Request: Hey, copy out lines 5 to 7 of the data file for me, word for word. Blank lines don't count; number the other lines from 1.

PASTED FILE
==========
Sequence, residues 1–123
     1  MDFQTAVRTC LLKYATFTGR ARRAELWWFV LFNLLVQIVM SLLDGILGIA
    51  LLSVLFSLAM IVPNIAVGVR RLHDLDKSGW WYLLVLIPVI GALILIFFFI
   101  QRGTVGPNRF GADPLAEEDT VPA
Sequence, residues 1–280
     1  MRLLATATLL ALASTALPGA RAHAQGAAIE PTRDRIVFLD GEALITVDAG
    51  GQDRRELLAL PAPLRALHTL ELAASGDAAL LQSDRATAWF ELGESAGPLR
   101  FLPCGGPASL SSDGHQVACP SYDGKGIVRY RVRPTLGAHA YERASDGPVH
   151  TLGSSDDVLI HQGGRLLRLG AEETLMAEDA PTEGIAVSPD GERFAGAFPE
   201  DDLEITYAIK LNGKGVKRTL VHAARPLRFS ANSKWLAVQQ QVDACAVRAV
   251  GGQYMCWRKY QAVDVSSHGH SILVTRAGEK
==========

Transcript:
Sequence, residues 1–280
     1  MRLLATATLL ALASTALPGA RAHAQGAAIE PTRDRIVFLD GEALITVDAG
    51  GQDRRELLAL PAPLRALHTL ELAASGDAAL LQSDRATAWF ELGESAGPLR